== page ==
By Gabino Carballo
As part of our freshly launched Planners and Architects Perspective we bring this photo series by Barcelona based landscape architect Gabino Carballo.
The image (above) belongs to the Ronda de Sant Pau, a wide boulevard with many traffic lanes that was used as a temporary setting for a large nearby market undergoing refurbishment. Before the temporary market was set, a large concrete slab was built to form a base for it. When the market returned to its original location, the local government decided to leave the massive slab in place as an ad hoc pedestrian space, adding a few large tree containers to change the character of the place. Cars have never returned and nobody has complained, which goes to show that radical change can be born of opportunity.
This (below) is what we now call a “School Environment”: a section of street that has a school in it and that is subject to heavy traffic. The local authority has decided to limit and restrict vehicular access and has created a “stay and play” area right in front of the school.
The following images depict a newly created “green axis” cut right through what used to be an industrial area. Rather than creating a traditional boulevard, it has been conceived as a linear park and a way through the city for pedestrians and cyclists, with some space for slow cars either side of it. It also acts as a large SUDS that captures as much rainwater as possible.
The following image depicts the promenade along the Barceloneta beach. It has been a pedestrian space for many years. It used to be one of the few spaces where citizens could walk for a significant distance in a car-free environment. It has expanded over the years to encompass various boulevards and parks and it is now being gradually joined by several other linear pedestrian spaces (green axis) connecting sea and mountain.
The image above is of a tactical intervention on the Consell de Cent Street, which used to be really busy with traffic but that has been earmarked to become a green axis. Instead of waiting for the final project, the local authority decided to take advantage of the very strict lockdown measures to expand pedestrian space by taking over a couple of lanes. The result is a street that used to be less than pleasant and mostly devoid of life at night now is used by people in the neighbourhood at all times of the day.
These images belong to one of the newest “superblocks” in the Sant Antoni area. The painted areas show a tactical intervention that is meant to be replaced by a more sober and permanent style of design, as seen in the last image. Because of the cost of transforming the public space, rather than waiting for years to find the necessary funds, it was decided to go ahead with a non-permanent action to try and see how the neighbourhood might react to change. The result is that streets that were once busy with traffic are now busy with pedestrian movement most times of the day and that the temporary greenery has contributed greatly to the sense of place.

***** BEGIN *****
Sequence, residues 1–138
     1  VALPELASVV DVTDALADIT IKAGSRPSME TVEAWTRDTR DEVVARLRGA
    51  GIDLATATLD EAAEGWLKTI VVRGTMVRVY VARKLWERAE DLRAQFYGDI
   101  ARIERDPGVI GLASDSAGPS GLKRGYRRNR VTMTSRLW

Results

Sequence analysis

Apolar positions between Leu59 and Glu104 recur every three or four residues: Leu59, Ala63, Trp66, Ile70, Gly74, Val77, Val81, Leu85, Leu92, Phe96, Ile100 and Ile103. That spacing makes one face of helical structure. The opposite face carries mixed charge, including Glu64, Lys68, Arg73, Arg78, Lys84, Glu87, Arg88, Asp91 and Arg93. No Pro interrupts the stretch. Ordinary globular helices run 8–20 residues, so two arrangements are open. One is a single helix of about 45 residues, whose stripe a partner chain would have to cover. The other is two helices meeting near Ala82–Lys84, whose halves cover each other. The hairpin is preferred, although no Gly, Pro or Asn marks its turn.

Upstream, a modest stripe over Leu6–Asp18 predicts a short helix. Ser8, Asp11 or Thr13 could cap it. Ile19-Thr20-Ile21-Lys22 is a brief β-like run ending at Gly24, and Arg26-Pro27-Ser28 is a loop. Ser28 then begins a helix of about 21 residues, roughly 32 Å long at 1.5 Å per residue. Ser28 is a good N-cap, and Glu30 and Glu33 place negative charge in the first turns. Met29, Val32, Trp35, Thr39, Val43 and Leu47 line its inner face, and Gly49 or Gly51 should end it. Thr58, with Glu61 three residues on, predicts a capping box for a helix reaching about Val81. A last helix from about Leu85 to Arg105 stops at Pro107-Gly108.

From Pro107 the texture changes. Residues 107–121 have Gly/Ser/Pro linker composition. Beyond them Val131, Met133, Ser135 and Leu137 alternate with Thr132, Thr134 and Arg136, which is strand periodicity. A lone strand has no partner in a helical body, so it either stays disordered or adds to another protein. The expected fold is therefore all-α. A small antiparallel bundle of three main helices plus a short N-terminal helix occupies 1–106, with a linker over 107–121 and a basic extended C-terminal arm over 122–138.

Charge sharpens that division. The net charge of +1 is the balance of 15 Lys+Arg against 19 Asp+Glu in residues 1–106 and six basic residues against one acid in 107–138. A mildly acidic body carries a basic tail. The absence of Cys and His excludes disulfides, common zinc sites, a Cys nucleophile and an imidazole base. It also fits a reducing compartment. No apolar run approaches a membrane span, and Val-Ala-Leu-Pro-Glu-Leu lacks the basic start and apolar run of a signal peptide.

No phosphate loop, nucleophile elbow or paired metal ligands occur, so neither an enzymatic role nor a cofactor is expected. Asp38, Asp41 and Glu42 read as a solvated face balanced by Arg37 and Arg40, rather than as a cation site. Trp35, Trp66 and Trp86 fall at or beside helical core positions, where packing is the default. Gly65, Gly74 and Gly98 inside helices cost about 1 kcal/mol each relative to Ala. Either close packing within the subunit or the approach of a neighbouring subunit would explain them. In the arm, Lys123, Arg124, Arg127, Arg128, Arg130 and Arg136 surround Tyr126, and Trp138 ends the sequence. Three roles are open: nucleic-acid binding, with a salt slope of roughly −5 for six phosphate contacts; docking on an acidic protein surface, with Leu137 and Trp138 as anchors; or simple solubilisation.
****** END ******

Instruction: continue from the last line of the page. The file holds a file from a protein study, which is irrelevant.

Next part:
This is another tactical intervention in the Eixample area, which is generally really busy with car traffic. Some streets have been earmarked to become green axes. Again, instead of waiting for the final project to be ready, the local authority decided to take advantage of lockdown measures to expand pedestrian space by painting and depaving areas previously devoted to car traffic.
These are images of an activity called “Obrim Carrers” or “We open streets”. This street is called Creu Coberta and it is now open to pedestrians on Saturday and Sunday. Initially, local businesses were furious at the decision, they believed that most of their business came by car, but a few months later, they were delighted. Business is up and the scheme has proven to be incredibly popular.
Not all streets work equally well, some perform better than others, and that is why it is important to carry out tactical tests that through some light on what happens when you open streets to people. You can view the webpage in English here: https://www.barcelona.cat/obrimcarrers/en
The following images are of the latest tactical intervention carried out in Pelai Street, a very busy thoroughfare very close to the famous Las Ramblas. It is a busy shopping street but its pavements are rather narrow and difficult to negotiate when busy. One side of the street is not very popular because there aren’t many shops and it is very exposed, so pedestrians tend to concentrate on the other side, precisely the one that has been expanded to accommodate people instead of traffic.
Gabino Carballo is a landscape architect and project manager working for Barcelona Parks and Gardens Department as a senior technical officer. He reads, he writes and give talks about nature based solutions and other contemporary subjects. He is a board member of the Spanish Association for Public Parks and Gardens (AEPJP) and the spokesperson for NBS. He cycles and walks to most places – I haven’t owned a car for over 17 years, benefits of living in a compact city- but I like hitching a ride on the bus too.